Furthermore, with Regshot we monitored the registry for both the java and windows payloads. In both scenarios, certain keys were added. However, it is not clear as to whether these keys can serve as a clear indicator of the Meterpreter payload or the Java 7 Applet Remote Code Execution vulnerability. But it is important to note that after multiple exploits various keys change. At the end of our paper we detail the changes in the registry.

5.)WIRESHARK

“Wireshark is the world’s foremost network protocol analyzer. It lets you capture and interactively browse the traffic running on a computer network.” [23]

Wireshark was used as our packet analysis tool during this project because of its ease of use and many features. We start Wireshark slightly before the exploit and
find that there are some obviously malicious packets being sent as scene below:

From the wireshark snapshot above, you can identify that there is a connection established to an apache server which is kept alive. This packet is obviously malicious due to its contents of Exploit.jar and Exploit.class contained within the applet.

6.) SNORT

“Snort® is an open source network intrusion prevention and detection system (IDS/IPS)… [That combines] the benefits of signature, protocol, and anomaly-based inspection.”[3]

We used Snort as the intrusion detection system on a virtual machine that is configured with a XUbuntu operating system called Security Onion. We used Snort version 2.9.2 IPv6 GRE (Build 78). This version of snort is set up with pulled pork to automatically get rule updates.

6.1) Security Onion

Security Onion automatically downloads a new set of rules during setup from emerging threats every day at 7:01 am [17]. The download file of the rules is also located in a different directory path that is “/etc/nsm/rules”. Security Onions setup also configures Snorby to allow you to view your results.

6.2) Snorby

“Snorby is a ruby on rails web application for network security monitoring that interfaces with current popular intrusion detection systems (Snort, Suricata and Sagan).” [5]

Snorby was used in this research to view alerts from emerging threats’ rule set after the exploitation. The following results are obtained.

Windows Meterpreter payload: Due to space allocation please
reference table 1 at the end of this document.

Java Meterpreter payload: Due to space allocation please
reference table 2 at the end of this document.

7.) PROCESS EXPLORER

“Process Explorer shows you information about which handles and DLLs processes have opened or loaded.” “The unique capabilities of Process Explorer make it useful for tracking down DLL-version problems… and provide insight into the way Windows and applications work.”[7]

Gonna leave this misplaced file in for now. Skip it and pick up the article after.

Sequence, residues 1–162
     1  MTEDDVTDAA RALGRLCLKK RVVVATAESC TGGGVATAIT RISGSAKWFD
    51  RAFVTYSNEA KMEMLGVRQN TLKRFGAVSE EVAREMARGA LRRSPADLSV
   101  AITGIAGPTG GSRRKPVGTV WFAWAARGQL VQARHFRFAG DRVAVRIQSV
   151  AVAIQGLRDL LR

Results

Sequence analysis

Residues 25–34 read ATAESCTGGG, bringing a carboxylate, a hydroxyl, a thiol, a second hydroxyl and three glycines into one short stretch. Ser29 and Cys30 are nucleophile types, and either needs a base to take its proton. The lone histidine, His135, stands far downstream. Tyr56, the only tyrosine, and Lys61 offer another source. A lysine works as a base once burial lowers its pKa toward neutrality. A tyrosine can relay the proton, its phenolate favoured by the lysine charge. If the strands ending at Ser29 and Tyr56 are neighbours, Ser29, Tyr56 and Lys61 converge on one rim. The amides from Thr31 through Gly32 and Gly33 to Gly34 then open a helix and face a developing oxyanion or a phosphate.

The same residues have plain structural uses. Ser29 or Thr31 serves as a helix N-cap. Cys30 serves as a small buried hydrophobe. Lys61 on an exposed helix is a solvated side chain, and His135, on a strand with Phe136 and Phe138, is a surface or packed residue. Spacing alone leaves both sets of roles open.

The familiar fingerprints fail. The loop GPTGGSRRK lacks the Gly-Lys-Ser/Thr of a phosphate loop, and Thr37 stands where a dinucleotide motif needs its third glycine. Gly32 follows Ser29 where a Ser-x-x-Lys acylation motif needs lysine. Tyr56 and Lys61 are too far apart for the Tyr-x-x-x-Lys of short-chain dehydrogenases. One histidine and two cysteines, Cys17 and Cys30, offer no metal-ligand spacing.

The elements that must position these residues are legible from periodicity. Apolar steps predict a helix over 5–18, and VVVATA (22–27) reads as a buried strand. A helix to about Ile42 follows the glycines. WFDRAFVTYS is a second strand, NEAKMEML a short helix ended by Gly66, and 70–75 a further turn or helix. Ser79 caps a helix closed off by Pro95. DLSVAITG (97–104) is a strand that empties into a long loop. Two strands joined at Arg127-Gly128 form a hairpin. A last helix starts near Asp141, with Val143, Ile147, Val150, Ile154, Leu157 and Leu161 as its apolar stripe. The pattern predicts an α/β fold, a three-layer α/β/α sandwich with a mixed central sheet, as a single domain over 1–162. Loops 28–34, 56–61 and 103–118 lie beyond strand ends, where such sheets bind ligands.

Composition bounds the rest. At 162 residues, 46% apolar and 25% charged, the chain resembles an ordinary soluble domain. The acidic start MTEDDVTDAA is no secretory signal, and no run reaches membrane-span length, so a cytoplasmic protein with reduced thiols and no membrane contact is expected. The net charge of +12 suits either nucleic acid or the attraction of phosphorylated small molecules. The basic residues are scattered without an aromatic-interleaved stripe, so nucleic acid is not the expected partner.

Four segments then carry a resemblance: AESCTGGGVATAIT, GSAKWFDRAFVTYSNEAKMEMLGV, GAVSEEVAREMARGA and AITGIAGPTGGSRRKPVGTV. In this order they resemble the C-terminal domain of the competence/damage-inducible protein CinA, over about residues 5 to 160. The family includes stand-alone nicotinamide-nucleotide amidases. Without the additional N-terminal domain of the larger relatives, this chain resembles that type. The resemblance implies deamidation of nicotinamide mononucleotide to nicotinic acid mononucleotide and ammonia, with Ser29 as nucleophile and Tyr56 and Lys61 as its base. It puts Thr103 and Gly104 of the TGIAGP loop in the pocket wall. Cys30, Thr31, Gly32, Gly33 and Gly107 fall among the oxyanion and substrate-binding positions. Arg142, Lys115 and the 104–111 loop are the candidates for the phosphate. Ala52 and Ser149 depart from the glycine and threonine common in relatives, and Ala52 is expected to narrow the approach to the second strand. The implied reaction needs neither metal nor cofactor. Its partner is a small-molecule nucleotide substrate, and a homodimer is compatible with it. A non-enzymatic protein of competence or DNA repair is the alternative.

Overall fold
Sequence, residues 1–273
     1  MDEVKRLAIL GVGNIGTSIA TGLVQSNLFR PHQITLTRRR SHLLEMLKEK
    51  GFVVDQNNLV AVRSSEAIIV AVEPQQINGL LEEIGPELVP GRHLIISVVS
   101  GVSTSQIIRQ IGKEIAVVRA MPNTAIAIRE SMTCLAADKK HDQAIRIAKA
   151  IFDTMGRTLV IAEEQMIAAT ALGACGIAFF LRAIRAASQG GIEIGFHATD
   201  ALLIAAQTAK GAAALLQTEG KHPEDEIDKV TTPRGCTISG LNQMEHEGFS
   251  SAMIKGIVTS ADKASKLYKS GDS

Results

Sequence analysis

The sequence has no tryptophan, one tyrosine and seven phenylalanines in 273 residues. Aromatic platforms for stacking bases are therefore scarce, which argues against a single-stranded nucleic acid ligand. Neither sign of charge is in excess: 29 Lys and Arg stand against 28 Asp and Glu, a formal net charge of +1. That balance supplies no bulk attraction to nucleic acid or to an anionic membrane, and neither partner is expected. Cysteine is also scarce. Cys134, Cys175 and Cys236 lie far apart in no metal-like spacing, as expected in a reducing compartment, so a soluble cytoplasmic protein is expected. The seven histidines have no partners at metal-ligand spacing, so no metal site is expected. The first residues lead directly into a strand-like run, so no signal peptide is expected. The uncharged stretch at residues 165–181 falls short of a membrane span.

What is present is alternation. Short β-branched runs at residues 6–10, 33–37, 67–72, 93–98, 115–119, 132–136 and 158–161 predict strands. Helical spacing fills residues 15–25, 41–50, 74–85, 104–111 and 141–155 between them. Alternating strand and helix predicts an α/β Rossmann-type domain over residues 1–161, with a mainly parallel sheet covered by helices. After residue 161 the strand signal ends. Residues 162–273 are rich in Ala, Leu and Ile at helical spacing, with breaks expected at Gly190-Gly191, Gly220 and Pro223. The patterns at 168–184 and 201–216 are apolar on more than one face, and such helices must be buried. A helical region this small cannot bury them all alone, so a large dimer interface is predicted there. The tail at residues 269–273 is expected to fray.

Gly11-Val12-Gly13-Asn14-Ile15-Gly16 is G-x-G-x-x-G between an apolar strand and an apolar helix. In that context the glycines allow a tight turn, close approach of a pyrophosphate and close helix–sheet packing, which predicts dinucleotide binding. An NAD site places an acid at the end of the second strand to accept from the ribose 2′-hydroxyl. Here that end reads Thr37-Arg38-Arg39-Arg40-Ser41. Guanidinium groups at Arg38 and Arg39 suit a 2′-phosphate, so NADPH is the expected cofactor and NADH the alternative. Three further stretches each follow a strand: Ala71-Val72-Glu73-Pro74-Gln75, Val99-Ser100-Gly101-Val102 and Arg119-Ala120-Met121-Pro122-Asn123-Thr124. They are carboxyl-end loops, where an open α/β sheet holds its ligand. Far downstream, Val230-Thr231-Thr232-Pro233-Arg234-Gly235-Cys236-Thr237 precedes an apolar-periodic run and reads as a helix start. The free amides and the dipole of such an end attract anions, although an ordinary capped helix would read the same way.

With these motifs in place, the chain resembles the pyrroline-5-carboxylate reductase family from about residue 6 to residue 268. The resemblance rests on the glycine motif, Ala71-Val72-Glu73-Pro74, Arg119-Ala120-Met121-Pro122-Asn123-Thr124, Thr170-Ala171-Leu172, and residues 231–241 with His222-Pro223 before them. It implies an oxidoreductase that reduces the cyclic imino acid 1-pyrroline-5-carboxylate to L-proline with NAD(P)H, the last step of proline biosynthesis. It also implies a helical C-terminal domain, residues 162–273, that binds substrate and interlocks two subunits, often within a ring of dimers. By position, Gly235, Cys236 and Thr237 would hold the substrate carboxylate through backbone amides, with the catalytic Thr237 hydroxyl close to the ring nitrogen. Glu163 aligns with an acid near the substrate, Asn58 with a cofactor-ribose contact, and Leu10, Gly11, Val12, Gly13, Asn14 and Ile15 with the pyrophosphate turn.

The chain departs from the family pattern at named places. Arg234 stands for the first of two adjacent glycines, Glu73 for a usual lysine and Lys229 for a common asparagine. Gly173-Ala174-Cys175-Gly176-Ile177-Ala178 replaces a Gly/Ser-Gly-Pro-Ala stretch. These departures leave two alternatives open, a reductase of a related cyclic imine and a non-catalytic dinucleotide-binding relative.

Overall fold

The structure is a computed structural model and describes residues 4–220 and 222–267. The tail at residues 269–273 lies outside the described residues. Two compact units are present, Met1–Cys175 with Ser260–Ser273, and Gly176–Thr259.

Process explorer is used in our research to explore what may be a malicious processes and how they function. This took into account the two malicious payloads, the java Meterpreter and the Windows Meterpreter.

7.1) Windows Meterpreter Processes

There are four malicious processes that are added to the windows machine after the exploit. The first process has a randomized name that always has a unique description that says “ApacheBench command line utility.” The second is a normal windows process called conhost.exe. The third process is called jp2launcher.exe and possesses a child process called java.exe. The fourth process is the child process of jp2launcher.exe which is called java.exe.

The first gives an interesting description in the Windows task manager that says “ApacheBench command line utility”. We know that no Windows machine should be running apache and it also has various suspicious properties. These properties include some interesting modules such as: wsock32.dll, WSHTCPIP.DLL, ws2_32.dll, wininet.dll, rpcrt4.dll, oEnTEXyW.exe, and mswsock.dll. We further investigate these modules by using Process Explorer’s search online functionality and find the following
information:
•wsock32.dll – This module may be considered
suspicious because it is used for applications with internet connection. This would normally be fine however if the process is migrated to a non-networked application it immediately draws attention.[9]
•WSHTCPIP.DLL – “The module is also known as the WinSock 2.0”. [10] This is another socket DLL controlling connectivity to outside interfaces.
•ws2_32.dll – This module is similar to the wsock32.dll in which it is used for internet and network applications.[11]
•wininet.dll – This module is considered a malicious module. It too contains functions for Internet use. However it is a process which the Troj/Zlob-AO trojan tries to disguise itself as under the true process name of %systemroot%. This is considered a security risk.[12]
•rpcrt4.dll – This module is suspicious because it is a remote procedure call used by windows applications for network and internet communication. With this process grouped with all of the other network modules the process is looking more suspicious. [13]